function add () {
  var first = document.getElementById("first").value;
  console.log(typeof(first));
 
  var second = document.getElementById("second").value;
  console.log(typeof(second));
 
  var total = first + second;
  console.log(typeof(total));
 
  return total;
}

Hooray, problem solved, and the developers are not high. Javascript is reading the numbers as strings, so it got concatenated to 12 instead. Hint: Use parseInt() in your future projects for values obtained from input boxes.

 

 

CONSOLE TABLE

var data = {
  foo : "Bar",
  hello : "World",
  doge : "Good Boy",
  cate : "Evil",
  numbers : [1, 2, 3, 4]
};
 
console.log(data);
console.table(data);

console.log() is a cool one to use, but it can sometimes be very difficult to read the values for arrays and objects. So in this case, we use console.table() instead.

 

DEBUGGER

var first = "Hello World";
debugger;
 
var second = "Foo Bar";
debugger;
 
var third = "Doge Moon";

Need to know what is happening in your script at a certain point? Use debugger to pause the script, and the developer tools will give you a breakdown of what is happening at that point. Hit on the “resume” button to continue running the script.

 

STACK TRACE

What happens after we click on a button? Which events are fired, which functions are called, and in what sequence? Introducing the stack trace, console.trace():

<script>
function first () {
  alert(1 + second());
}
 
function second () {
  return 2 + third();
}
 
function third () {
  console.trace();
  return 3;
}
</script>
<input type="button" value="Add" onclick="first()"/>

For you guys who are confused about how to read this stack –

  • The first line is the current function, which is third().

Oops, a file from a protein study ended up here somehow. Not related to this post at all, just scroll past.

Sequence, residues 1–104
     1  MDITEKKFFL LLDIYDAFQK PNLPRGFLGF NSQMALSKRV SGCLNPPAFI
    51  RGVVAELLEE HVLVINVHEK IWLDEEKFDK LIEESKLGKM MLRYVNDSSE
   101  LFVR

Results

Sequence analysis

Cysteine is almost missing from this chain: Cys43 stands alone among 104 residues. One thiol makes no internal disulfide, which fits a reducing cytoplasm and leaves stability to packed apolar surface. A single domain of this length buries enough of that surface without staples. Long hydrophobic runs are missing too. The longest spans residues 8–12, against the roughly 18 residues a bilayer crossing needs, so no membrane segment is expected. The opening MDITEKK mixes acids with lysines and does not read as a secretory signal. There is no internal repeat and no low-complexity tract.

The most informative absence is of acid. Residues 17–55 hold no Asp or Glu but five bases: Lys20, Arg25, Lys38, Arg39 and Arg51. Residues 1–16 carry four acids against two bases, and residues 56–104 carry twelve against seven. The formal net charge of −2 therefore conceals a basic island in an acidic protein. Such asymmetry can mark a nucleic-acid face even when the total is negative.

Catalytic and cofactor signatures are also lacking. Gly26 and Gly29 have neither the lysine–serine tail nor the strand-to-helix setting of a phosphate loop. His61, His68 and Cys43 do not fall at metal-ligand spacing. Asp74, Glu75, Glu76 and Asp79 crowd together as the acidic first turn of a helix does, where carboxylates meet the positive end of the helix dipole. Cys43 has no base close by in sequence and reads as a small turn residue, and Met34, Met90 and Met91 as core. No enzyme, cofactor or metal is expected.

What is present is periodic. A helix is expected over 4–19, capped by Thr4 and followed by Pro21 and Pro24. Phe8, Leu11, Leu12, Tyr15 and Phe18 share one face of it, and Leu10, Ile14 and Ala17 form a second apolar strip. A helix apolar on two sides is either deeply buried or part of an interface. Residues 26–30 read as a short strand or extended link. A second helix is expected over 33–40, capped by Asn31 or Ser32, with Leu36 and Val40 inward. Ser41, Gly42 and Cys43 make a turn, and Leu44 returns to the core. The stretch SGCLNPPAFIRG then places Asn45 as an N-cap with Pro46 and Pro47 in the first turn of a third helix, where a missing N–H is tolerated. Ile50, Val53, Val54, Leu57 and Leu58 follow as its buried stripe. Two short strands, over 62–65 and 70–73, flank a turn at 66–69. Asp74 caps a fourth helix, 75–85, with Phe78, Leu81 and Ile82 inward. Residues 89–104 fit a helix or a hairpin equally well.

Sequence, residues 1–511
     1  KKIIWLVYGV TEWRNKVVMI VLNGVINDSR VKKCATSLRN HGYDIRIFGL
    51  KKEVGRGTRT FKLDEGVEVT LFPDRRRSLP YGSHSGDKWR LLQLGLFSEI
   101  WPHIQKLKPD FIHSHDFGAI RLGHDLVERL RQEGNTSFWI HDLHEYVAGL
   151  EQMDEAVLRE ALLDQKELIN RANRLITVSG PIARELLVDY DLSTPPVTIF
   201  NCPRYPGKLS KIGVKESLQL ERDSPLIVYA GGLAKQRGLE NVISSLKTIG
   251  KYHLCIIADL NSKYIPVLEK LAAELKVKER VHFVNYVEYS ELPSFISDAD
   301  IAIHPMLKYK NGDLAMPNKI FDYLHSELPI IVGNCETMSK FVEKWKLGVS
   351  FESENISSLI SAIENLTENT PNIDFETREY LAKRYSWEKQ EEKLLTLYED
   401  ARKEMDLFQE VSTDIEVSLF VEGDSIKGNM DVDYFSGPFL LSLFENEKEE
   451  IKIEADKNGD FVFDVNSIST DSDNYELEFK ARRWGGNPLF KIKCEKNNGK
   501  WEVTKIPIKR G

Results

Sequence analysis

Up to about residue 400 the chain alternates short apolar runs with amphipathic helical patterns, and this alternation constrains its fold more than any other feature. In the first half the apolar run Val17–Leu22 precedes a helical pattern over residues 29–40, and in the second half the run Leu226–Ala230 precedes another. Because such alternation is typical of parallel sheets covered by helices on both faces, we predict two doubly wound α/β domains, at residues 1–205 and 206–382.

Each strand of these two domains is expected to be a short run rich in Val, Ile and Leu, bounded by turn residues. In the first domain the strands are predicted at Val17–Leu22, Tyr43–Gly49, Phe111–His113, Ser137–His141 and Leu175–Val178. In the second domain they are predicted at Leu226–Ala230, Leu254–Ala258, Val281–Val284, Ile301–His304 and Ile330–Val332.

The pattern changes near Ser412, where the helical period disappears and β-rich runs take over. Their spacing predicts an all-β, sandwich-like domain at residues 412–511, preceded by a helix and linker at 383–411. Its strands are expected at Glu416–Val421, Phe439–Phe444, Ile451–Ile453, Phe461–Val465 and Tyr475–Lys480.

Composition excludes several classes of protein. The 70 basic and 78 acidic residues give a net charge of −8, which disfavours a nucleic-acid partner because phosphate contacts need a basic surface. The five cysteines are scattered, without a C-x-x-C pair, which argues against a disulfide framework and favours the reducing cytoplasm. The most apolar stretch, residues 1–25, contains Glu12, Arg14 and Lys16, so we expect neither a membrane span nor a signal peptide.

• The second line is the one calling the current function, which is second().
  • Guess you catch the drift – first() is the one who called second()
  • Finally, it all originated from a mouse click.

 

 

PERFORMANCE TRACKING

The above sections should be good enough for you to smash most bugs. But wait, there’s even more… This is a different kind of “debugging”, and that is to figure out what is causing your website to load or run slowly.

 

THE LOAD TIMING & SEQUENCE

Just what the heck is causing your website to load slowly? That is quite an easy question to answer, now that you have the tools. Open up the “Network” tab in the developer’s tools, and fully reload the page (usually by pressing CTRL-F5).

Yep, that will give you a waterfall chart or loading sequence of the scripts. We can pretty much sort it by the file size or loading time, and see which is the culprit choking up the loading… Then do something about it – Either defer loading a non-critical script, or compress an image further.

 

SCRIPT EXECUTION TIME

So the website is loading pretty fast, but the script is slow? Or wondering how your script will perform? Simply use console.time() to start a timer, and console.timeEnd() to log the total time taken.

console.time("testing");
var xxx = 123;
xxx += 456;
xxx -= 88;
xxx *= 2;
console.timeEnd("testing");

 

 

USEFUL BITS & LINKS

That’s all for this guide, and here is a small section on some extras and links that may be useful to you.

 

INFOGRAPHIC CHEAT SHEET

How to Debug Javascript (Click to Enlarge)

 

SUMMARY

Function Description
console.log() Output a message and/or variable to the developer’s console.
console.table() Output an array or object in (human-friendly) table form.
console.trace() Do a stack trace, what called this function?
typeof() Gives you the data type of a variable.
debugger() Pauses the script at this point, give an overview of the status.
console.time(NAME) and console.timeEnd(NAME) Starts timing the script.

 

LINKS & REFERENCES

 

THE END

Thank you for reading, and we have come to the end of this guide. I hope that it has helped you to smash some nasty bugs, and if you want to share anything with this guide, please feel free to comment below. Good luck and happy coding!

Leave a Comment

Your email address will not be published. Required fields are marked *